The Recommendation of the Hungarian National Committee of ICOMOS
Regarding the Development Proposal for Hajógyári Island in Óbuda (Budapest, Hungary)
In reference to the statement released by our organization on August 31, 2006, and regarding the fact that we consider the result of the public referendum unacceptable from a professional standpoint, we make the following recommendations for the protection of the area of ancient ruins of European significance and for their excavation and presentation in a manner befitting their significance:
The Roman era heritage on Hajógyári Island in Óbuda (this site is also considered to be an industrial heritage site of a former historic ship factory) is associated with the European section of the Roman Limes, which (as a portion of an international proposal) is included on Hungary’s tentative list for the UNESCO World Heritage. Therefore development on the island can only be approved if it is of a size and scope that does not endanger the scientific understanding, preservation and presentation of the entirety of this world renowned antique building ensemble (portions that are known and that are yet to be excavated).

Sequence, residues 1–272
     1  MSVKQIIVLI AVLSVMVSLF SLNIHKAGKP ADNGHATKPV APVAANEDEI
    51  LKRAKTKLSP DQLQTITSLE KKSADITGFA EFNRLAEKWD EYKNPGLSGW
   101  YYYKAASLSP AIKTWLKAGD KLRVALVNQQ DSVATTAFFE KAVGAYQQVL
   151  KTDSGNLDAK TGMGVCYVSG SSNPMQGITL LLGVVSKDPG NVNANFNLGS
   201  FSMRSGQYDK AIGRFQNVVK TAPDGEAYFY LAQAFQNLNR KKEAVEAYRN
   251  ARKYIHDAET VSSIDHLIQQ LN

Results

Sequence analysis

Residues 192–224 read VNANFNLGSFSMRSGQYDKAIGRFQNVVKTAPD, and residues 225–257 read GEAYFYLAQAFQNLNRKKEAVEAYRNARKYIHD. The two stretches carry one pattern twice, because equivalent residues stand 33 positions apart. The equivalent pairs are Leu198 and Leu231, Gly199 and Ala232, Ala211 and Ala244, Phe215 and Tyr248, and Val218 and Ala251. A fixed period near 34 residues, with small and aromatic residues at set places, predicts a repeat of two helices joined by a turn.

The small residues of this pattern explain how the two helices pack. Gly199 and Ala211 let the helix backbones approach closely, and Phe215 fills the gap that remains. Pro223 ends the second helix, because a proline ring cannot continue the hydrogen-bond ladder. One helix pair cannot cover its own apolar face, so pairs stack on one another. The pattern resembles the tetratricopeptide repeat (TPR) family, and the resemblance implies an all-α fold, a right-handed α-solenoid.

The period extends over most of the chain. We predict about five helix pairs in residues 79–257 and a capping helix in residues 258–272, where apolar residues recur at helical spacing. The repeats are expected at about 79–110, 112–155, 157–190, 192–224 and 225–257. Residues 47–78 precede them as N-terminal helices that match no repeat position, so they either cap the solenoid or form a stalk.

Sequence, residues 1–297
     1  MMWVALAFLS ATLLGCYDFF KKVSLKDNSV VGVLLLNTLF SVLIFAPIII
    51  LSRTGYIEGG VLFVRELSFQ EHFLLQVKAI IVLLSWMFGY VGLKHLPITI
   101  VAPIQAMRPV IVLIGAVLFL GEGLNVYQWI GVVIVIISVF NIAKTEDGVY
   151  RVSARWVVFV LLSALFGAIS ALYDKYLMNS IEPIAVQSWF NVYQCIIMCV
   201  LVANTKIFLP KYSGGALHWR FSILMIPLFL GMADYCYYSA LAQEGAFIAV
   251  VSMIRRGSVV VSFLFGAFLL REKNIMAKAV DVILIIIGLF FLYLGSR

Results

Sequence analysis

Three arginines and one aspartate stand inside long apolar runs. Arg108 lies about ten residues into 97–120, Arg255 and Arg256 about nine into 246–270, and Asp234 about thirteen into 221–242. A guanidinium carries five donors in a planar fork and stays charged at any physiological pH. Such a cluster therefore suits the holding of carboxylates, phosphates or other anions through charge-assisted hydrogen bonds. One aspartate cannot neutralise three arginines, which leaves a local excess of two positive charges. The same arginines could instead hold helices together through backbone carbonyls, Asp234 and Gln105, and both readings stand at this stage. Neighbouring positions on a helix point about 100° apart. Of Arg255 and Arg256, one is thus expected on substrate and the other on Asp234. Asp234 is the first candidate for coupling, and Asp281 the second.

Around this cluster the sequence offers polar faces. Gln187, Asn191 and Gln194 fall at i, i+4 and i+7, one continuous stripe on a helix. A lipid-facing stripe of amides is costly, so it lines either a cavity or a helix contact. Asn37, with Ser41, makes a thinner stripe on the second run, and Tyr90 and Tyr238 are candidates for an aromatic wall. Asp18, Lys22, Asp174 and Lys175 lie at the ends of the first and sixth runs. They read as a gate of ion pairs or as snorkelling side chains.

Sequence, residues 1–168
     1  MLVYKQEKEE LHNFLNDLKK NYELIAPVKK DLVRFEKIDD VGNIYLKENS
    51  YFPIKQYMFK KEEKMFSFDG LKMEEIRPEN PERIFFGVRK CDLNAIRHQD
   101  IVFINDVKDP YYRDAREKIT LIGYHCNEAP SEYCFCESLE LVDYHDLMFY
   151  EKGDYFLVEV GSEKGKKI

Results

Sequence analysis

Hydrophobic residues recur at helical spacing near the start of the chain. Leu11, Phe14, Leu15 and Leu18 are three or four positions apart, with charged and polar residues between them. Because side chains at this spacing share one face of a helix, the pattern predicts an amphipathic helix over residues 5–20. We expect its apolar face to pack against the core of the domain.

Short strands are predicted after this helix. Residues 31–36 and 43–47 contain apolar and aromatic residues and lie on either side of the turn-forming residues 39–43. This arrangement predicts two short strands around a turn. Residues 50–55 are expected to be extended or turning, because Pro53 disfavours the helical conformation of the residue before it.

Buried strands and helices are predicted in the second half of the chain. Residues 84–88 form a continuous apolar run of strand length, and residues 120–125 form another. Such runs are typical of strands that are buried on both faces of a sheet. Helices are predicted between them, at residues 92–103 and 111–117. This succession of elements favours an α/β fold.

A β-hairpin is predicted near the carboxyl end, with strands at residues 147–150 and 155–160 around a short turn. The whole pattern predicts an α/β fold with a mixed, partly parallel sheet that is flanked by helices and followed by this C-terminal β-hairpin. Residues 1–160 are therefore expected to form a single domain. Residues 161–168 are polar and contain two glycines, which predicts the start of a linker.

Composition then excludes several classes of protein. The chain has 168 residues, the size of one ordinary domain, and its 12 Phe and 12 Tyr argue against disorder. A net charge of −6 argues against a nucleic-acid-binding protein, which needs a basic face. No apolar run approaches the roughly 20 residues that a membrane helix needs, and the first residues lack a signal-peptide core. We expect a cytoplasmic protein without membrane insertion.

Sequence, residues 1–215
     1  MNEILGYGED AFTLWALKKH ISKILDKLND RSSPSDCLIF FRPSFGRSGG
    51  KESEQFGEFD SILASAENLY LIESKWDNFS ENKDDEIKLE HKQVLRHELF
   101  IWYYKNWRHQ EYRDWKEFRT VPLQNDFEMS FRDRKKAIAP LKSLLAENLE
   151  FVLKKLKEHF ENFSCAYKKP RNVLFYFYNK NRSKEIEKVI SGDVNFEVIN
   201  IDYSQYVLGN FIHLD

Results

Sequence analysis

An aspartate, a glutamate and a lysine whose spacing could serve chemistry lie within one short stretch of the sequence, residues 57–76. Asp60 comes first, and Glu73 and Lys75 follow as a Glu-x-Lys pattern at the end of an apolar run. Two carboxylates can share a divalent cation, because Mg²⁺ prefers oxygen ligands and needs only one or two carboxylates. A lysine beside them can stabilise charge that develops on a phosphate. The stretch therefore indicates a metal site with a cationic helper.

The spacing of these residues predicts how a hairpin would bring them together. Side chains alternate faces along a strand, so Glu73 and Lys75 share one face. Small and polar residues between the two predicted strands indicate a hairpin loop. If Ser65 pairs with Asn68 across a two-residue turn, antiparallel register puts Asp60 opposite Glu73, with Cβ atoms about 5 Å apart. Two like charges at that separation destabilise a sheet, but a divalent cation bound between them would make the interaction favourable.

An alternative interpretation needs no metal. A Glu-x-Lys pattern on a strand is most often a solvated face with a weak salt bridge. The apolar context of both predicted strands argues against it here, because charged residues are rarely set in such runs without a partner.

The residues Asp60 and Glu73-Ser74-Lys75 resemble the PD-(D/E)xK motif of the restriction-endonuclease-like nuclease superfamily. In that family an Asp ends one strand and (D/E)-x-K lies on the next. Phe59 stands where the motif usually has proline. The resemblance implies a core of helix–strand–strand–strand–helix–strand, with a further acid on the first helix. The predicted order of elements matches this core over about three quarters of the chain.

ICOMOS requests that, in the interest of preserving the Hajógyári Island portion of the prospective European Limes World Heritage site, the decision makers review their verdict, retract their consent, and instead of putting the District Regulatory Plan into effect, they allow the provisions of the Hungarian Construction Law (design control regulations for conforming with the surroundings) to remain in force. This does not preclude new construction, but requires it to conform to the existing setting, of which Roman ruins may also be considered a part.
The goal of our statement is that the planned development should be conducted in such a way that unique historic assets are not destroyed due to the lack of scientific knowledge based on research results, and that the new construction projects should proceed in a manner that elevates Budapest’s status and significance in European culture by linking the capital’s ancient past with its present.
September 21, 2006